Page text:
The "compassion" in "compassionate conservatism" is vanishing, as we become a nation of "unfortunates."
The people without health insurance are "unfortunate." We just had a national week (May 2-9) to celebrate them (remember?).
People poor enough for government-funded insurance are also unfortunate. States have been trimming their Medicaid budgets. The result: less and lower-quality care for fewer people. Medicare enrollees -- we used to think they were fortunate to get universal insurance -- have watched their overall health tab rise. Even their prescription tab, which was supposed to plummet under a new federal program, is expected to rise. How unfortunate!
This misfortune is not an act of nature, but of government. Our legislators control the spigots that give help to people. And voters ultimately control those legislators.
Voters have said no to turning on the spigots. Voters want tax cuts, not tax increases. When legislators have opened the spigots too profligately, voters have stanched the flow with initiatives: In 1978 California voters passed Proposition 13, which limited property taxes. That California initiative sparked similar propositions throughout the country, as constituents capped their solons' zeal-to-spend.
The reluctance to spend transcends income and ideology. Wealthy conservatives in Congress pressed for the president's tax cuts. But it is not just the wealthy who abhor taxes. Consider Alabama. In 2003, when Gov. Bob Riley pressed his Bible Belt constituents to raise taxes, citing religious admonitions to help the poor (there are a lot of them in Alabama), the voters (two to one) said no.
So California deserves a footnote -- maybe a chapter -- in the history of the decline of compassion.
Last November California voters approved Proposition 63, which raises taxes on the wealthiest 0.1% of taxpayers. The approximately 30,000 Californians who earn over $1 million a year will pay an extra 1% tax toward mental health services. The measure is expected to add $275 million to the state's mental health budget this year, and $800 million in future years. Wisely, Proposition 63 limited the percentage of money that could go to administration and barred the state from transferring those added revenues away from mental health. (In a budget-crunch, compassion for the mentally ill might fall by the wayside, as legislators seize the money to balance their budgets. That happened with tobacco windfall money, which in many states vanished into the black hole of budget deficits). Wisely too, Proposition 63 barred the state from reducing its mental health commitment below 2003-04 levels. Otherwise, the initiative money would simply replace state money.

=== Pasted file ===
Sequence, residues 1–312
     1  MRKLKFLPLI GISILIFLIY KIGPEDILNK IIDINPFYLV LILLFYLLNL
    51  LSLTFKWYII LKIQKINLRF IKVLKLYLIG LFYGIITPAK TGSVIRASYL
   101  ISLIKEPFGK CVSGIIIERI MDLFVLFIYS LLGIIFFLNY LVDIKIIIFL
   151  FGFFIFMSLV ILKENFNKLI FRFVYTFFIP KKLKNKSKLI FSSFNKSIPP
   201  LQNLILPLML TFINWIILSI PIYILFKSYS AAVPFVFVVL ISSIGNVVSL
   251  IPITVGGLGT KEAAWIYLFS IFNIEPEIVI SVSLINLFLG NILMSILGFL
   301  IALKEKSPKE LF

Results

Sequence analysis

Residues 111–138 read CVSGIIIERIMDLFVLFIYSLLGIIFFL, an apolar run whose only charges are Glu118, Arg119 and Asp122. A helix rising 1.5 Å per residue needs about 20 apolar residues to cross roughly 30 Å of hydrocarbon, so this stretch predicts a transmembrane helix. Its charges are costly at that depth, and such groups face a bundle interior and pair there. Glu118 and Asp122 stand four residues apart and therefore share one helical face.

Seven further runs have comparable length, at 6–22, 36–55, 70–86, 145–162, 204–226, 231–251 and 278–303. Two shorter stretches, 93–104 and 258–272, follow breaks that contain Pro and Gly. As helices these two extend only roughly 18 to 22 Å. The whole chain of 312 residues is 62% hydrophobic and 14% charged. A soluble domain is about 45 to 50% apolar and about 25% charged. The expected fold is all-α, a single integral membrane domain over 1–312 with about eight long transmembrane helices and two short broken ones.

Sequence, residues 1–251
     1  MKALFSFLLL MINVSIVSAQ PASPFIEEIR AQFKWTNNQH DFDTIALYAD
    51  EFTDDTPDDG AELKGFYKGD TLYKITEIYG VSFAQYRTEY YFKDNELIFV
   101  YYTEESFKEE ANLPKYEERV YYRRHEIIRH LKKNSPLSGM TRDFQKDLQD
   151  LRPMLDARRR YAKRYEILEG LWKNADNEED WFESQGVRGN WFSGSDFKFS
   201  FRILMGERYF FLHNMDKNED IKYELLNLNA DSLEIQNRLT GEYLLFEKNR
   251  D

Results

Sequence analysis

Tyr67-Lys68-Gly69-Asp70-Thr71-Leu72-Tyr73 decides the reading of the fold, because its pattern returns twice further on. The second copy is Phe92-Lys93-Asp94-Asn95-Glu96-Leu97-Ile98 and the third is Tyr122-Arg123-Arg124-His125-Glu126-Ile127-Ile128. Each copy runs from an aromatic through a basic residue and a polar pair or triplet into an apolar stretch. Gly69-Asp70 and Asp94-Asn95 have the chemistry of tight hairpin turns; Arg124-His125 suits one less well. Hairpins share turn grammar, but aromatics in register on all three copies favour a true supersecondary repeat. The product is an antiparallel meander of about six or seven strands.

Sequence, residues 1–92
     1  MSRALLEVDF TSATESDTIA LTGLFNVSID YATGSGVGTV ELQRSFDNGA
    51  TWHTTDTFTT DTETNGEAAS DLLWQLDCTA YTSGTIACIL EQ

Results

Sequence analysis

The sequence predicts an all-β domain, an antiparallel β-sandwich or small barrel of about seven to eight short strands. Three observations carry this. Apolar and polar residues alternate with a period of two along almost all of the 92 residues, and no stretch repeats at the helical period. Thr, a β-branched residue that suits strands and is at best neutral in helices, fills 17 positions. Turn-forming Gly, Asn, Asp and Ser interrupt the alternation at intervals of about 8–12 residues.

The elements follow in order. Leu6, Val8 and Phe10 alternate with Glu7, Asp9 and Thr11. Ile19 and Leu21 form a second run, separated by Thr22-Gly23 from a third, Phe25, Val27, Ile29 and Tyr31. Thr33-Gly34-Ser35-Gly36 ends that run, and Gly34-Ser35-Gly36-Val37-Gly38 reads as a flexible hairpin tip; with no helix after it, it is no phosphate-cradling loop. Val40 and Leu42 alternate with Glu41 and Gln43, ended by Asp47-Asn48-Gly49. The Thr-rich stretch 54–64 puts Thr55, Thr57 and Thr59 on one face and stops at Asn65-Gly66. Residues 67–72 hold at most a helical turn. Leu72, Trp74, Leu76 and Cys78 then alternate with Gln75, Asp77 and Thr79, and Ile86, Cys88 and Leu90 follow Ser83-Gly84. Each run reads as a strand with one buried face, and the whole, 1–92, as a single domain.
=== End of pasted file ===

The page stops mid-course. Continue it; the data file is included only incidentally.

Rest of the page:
The arguments for the initiative called upon cost-benefit reasoning; i.e., if we spend more on mental health, we will save on corrections and social services. We will reduce the number of homeless living on the street.
Arguments for spending social service money generally follow that motif: If we help people, the government will ultimately save money. The arguments also called upon compassion: The mentally ill need help, and the state has been cutting back those programs until the safety net is illusory. People won't get better without help.
This time the arguments worked. A majority (53.8%) of Californians said yes to the tax levy. Richard Scheffler from the University of California Berkeley and Neal Adams from the California Institute of Mental Health have dissected the election returns. Health Affairs has published an analysis of the vote on its Web site.
Counties with more Democrats, more social workers per capita and higher rates of homelessness were more likely to vote "yes." Three-quarters of San Franciscans voted "yes." The researchers note the tepid opposition. Not only did the media, along with a host of community organizations, support Proposition 63, but Gov. Schwarzenegger, who did not support it, did not actively campaign against it. (He campaigned against a companion Proposition 72, which would have required employers to insure more workers. That failed, but only by 0.9%.) Proposition 63 supporters raised $4.3 million; opponents, $17,500.
Maybe compassion is resurfacing. We'll see whether other states pass initiatives that raise taxes to help the unfortunates -- a growing cadre -- among us. Meanwhile, the tale of Proposition 63 marks a happy moment in a decade of voter stinginess.
Joan Retsinas is a sociologist who writes about health care in Providence, R.I. Email firstname.lastname@example.org.